In the uncertain light it was hard to see clearly what it was. It was shiny, about the size of a cigar case. Land occasionally smoked cigars. Was it the camera? Many of this quite senior group had not seen it yet. The issue of its size had caused great pain. That which was nearly impossible became unbearably difficult as the size of the package was reduced. Battles were fought over a millimetre[re] of dimension…. Word on the camera team, and the film team as well, since they must live or die by the same dimensions, was that the most important person on the SX‑70 project was Land’s tailor.

      (Pp. 169–, 1971.)

    • [Land] wrestled with the problem of demonstrating a camera whose pictures had an image area 3¼″ square…. The first [invention] was an octagonal stage. Six octagons would be situated behind the audience area…. Each octagon would be a picture-taking cent[re]…. The second invention was a picture rail, slotted to hold the pictures securely by their lower margin, with a pin inserted through each empty pod so that they could not be removed…. Land described these inventions with the same genial lack of modesty that one might use to announce a cure for cancer….

      On the day of the 1972 [annual shareholders’] meeting, Land, surrounded by people in various stages of panic, anxiety, uncertainly, and despair, radiated joy and confidence…. Land mounted the stairs of an empty octagon, brightly lit in the cent[re] of an otherwise dark hall. He seated himself in a simple chair, picked up his pipe from the little Eames table purloined, as in the past, from my office, charged his pipe, lit it, and said, in a quite voice that was superbly audible to the farthest corners of the room, “Photography will never be the same after today.” The audience, a few less than 4,000, heard and believed. I believed. I had staged the show and still I believed. […]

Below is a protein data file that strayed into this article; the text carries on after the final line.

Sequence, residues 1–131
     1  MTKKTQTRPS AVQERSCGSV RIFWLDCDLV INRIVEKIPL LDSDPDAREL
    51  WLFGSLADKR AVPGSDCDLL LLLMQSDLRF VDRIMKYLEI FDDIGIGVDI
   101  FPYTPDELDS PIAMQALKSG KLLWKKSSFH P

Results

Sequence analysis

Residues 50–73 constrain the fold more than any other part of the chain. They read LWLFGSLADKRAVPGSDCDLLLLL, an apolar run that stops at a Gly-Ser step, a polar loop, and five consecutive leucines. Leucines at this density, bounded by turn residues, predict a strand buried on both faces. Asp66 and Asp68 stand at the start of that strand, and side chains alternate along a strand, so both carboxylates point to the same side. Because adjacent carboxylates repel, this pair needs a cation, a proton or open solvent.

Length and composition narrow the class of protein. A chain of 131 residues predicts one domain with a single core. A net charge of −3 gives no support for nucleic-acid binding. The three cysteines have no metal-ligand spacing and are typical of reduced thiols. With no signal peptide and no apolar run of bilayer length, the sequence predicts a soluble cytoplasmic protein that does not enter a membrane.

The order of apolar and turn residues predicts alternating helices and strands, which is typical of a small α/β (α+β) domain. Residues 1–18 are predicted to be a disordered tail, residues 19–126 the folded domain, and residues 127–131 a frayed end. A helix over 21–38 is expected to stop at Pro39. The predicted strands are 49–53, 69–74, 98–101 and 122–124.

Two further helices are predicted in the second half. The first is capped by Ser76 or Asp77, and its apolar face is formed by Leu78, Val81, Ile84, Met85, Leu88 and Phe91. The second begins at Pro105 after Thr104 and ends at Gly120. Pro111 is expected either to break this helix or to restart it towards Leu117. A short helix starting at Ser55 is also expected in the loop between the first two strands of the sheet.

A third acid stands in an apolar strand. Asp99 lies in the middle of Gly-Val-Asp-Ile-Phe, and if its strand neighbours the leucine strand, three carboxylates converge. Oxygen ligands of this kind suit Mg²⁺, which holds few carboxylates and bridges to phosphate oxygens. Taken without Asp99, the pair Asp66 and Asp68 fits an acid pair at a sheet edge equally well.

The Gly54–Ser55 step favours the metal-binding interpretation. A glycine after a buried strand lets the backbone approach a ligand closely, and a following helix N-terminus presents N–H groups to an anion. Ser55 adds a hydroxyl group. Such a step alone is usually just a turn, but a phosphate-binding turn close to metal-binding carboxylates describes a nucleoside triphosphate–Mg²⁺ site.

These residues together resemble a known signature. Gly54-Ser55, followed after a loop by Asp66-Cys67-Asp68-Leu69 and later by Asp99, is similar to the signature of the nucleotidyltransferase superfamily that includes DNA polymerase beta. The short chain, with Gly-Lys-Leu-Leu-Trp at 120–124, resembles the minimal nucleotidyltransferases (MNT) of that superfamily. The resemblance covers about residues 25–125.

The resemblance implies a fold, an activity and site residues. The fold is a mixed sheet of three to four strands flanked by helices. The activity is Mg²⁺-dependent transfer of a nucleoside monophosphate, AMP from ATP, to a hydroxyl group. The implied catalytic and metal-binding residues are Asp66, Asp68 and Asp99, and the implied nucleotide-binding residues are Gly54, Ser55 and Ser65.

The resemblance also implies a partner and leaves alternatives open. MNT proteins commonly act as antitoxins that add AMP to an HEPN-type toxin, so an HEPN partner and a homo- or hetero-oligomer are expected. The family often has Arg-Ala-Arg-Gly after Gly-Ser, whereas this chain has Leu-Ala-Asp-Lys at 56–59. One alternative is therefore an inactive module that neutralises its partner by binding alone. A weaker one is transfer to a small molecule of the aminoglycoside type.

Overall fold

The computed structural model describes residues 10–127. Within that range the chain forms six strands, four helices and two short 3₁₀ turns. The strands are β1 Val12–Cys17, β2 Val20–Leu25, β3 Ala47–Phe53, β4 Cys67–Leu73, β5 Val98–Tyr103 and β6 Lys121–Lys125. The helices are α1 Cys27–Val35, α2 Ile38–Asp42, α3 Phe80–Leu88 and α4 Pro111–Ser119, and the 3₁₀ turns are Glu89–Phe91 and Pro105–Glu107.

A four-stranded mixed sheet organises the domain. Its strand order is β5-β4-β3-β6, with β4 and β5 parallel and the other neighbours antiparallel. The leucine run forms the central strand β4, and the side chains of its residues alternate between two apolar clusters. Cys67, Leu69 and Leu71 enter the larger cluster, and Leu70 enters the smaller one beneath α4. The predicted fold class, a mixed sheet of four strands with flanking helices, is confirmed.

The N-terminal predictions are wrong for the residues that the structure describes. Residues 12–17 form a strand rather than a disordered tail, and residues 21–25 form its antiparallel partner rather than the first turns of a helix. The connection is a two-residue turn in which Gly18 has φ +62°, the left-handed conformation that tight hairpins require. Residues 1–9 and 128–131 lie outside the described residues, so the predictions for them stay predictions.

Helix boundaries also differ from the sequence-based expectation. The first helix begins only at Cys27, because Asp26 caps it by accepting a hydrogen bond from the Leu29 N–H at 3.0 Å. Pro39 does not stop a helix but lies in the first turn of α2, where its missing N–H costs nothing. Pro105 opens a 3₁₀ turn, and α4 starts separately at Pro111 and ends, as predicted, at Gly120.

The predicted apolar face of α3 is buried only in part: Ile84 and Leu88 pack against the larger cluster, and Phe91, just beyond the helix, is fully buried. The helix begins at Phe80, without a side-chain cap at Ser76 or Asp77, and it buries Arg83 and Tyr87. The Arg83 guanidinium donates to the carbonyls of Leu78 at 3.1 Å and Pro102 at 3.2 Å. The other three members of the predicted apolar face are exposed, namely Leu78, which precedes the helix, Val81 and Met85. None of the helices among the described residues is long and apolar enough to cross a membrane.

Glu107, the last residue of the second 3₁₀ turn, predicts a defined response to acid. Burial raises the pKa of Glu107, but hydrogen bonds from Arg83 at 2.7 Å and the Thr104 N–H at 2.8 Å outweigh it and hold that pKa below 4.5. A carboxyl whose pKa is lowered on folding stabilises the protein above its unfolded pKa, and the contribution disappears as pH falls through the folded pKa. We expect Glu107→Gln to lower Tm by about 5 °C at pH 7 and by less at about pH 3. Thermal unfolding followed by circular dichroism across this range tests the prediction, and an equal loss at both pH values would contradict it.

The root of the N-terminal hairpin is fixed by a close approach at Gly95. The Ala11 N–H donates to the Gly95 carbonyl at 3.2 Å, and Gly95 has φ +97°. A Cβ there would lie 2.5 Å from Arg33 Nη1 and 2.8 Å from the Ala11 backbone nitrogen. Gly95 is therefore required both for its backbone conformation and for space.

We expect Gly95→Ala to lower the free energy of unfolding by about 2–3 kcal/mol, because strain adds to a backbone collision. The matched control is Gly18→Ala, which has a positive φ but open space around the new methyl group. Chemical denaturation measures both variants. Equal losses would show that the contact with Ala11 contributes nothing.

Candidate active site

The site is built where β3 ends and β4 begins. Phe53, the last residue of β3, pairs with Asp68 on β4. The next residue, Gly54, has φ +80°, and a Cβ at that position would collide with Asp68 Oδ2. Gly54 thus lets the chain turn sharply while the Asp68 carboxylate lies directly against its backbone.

(Pp. 178–, 1972.)

  • Don’t just invent but reinvent. Create new products on regular cycles knowing that customers will happily upgrade. The cost will include cannibalizing sales from, or simply invalidating, your old products, but by then you’ve trained your customers they are not just witnessing but participating in the evolution of consumer technology.

    Land was correct to ignore conventional wisdom: He was teaching the American public, and by extension a world market, that the Polaroid camera was not a lifetime acquisition but an evolving idea, an ongoing adventure, an exploration of technology…. Polaroid’s film-usage curve was even more heavily skewed to the initial year of ownership than that of conventional cameras. Thus, if we continued to change camera designs every three to four years…, we could hope to rekindle the interest of an owner whose camera had departed in a yard sale or was gathering dust on a closet shelf. […]

    The innovations of the SX‑70 were truly revolutionary…. The American public, with its appetite for new technology, swallowed SX‑70 with a hiccup of appreciation and wondered what might come next. Land himself had taught them that there would always be another idea, another invention, another feature, if only a beep or a boop.

    [The SX‑70], which most of us at is début devoutly believed to be an ultimate, met with instant and enthusiastic acceptance, but was perceived as another step in a continuum. Pop technology marched on. What would come next? Video games, little computers, mood rings, home video? Bring it on. And keep it coming.

    Nevertheless, many of us in that warehouse room felt a small jolt at the back of the spine, a lump in the throat; saw it as a moment we would remember beyond most other moments. I knew that I had been changed by SX‑70, and photography was far from the most important thing in my life.

    (Pp. 178–, 1972.)

The foregoing posting appeared on Joe Clark’s personal Weblog on 2011.11.07 16:10. This presentation was designed for printing and omits components that make sense only onscreen. (If you are seeing this on a screen, then the page stylesheet was not loaded or not loaded properly.) The permanent link is: